DNC Journal Entry: Day Two

Note: I am currently in Philadelphia for the Democratic National Convention. I am attending an academic seminar this week and will be doing a fieldwork placement during the convention next week. I am writing a daily journal to reflect on my experience and will post my entries here. Enjoy! 

Day Two

This morning, three professors from different universities, each with various expertise and backgrounds, talked about finance, trade, and foreign policy factors in the 2016 election. These topics may not be as exciting or discussed as much as others during the election, but it can still be worthwhile to learn about them. First, Robin Kolodny focused on campaign finance, briefed us about its history, and highlighted current campaign finance issues in this election. After we learned more about campaign finance, Alexandra Guisinger talked with us about the general American opinion on trade. Right before stopping for lunch, Ronald Granieri described the role of foreign policy in past elections and compared current candidates’ takes on foreign policy.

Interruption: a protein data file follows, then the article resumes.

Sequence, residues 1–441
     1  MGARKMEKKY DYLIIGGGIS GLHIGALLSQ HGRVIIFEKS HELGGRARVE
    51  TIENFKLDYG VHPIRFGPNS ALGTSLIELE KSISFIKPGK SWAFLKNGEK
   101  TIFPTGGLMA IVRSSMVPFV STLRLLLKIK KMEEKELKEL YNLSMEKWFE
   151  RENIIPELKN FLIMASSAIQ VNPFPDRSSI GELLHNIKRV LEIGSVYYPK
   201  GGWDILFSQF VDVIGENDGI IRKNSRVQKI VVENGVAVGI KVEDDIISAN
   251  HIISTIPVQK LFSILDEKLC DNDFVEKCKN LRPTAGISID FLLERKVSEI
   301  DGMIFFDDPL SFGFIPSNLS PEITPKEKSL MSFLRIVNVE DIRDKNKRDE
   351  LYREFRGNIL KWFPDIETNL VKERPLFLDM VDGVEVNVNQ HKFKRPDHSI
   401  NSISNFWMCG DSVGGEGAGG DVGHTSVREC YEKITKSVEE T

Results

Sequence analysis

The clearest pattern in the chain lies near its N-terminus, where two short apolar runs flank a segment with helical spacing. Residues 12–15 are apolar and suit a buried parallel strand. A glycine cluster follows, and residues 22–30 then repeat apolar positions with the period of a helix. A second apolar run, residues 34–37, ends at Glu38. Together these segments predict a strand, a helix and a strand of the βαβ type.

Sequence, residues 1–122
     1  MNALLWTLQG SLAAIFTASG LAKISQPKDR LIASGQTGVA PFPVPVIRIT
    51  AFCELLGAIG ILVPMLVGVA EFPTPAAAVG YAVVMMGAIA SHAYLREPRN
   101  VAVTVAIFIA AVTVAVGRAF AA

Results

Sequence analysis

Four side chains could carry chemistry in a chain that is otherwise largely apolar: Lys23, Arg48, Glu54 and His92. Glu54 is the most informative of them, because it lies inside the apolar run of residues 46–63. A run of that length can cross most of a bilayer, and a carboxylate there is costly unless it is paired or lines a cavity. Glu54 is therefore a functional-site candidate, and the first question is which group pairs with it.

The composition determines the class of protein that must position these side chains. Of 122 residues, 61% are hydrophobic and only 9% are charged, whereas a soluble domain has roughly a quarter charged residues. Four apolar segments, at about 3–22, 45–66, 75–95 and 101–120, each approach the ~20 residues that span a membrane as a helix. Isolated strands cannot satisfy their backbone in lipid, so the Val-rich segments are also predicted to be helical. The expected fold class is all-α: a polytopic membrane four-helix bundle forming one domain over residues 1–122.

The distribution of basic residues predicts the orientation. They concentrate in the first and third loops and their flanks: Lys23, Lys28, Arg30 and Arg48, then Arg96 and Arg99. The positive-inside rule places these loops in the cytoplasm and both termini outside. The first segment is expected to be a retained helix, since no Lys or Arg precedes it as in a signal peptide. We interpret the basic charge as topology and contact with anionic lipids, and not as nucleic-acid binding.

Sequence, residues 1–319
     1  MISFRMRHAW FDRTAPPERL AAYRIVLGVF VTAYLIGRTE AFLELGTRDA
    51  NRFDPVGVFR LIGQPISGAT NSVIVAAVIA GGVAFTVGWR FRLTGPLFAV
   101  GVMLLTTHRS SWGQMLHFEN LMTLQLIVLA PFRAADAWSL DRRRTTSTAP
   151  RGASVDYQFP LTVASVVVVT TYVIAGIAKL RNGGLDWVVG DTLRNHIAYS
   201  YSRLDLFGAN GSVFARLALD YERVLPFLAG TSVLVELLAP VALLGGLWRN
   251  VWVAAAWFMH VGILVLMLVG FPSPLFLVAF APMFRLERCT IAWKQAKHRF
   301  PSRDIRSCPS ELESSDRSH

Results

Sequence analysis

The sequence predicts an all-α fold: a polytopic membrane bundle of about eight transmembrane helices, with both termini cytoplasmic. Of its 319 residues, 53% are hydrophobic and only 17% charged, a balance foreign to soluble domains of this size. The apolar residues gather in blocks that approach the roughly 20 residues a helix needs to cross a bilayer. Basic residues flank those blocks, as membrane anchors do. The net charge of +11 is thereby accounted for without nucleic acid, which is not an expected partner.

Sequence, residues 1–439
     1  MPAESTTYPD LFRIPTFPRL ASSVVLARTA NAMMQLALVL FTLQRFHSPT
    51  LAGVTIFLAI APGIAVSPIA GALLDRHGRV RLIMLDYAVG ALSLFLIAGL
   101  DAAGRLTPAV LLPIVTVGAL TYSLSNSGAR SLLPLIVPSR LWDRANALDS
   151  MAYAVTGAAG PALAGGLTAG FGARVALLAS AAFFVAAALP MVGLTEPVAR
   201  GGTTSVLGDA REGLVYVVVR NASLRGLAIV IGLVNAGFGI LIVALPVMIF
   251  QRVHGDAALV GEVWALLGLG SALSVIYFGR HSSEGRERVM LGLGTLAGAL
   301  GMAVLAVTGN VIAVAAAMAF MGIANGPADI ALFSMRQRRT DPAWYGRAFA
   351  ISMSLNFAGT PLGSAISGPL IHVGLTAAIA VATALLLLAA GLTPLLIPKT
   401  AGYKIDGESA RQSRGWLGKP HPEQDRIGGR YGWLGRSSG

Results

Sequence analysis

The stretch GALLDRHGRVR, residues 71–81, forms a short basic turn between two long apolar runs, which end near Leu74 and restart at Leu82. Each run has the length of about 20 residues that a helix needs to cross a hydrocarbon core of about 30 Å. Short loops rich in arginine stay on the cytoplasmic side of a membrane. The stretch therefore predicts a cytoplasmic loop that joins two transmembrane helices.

One thing related to campaign finance that I learned today is how candidates of major political parties can receive public funding for their campaigns. Public funding consists of two parts – primary matching funds and general election funding. If you have filled out a federal income tax form before, you probably remember a box that you can voluntarily check to give three dollars of your taxes to the Presidential Election Campaign Fund. Public funding is completely made up of this tax money, thanks to people who checked that box on their tax forms. Candidates can receive public funding for their campaigns as long as they agree to not raise more than a certain amount of money.

Candidates in the past used this public funding, but no candidate did in 2012 because it seemed like winning the election required using more money than the public funding rules allowed. In fact, candidates are not allowed to coordinate with their political party about spending if they use public funds. Giving up that teamwork may be a bad strategy, so some candidates opt out of general funding completely. Primaries can impact candidates financially, depending on how long they last. Hillary Clinton could not get any general funding until after Bernie Sanders dropped out. The longer he stayed in the race, the longer her campaign had to operate without general funding no matter how obvious it was that she clinched the nomination.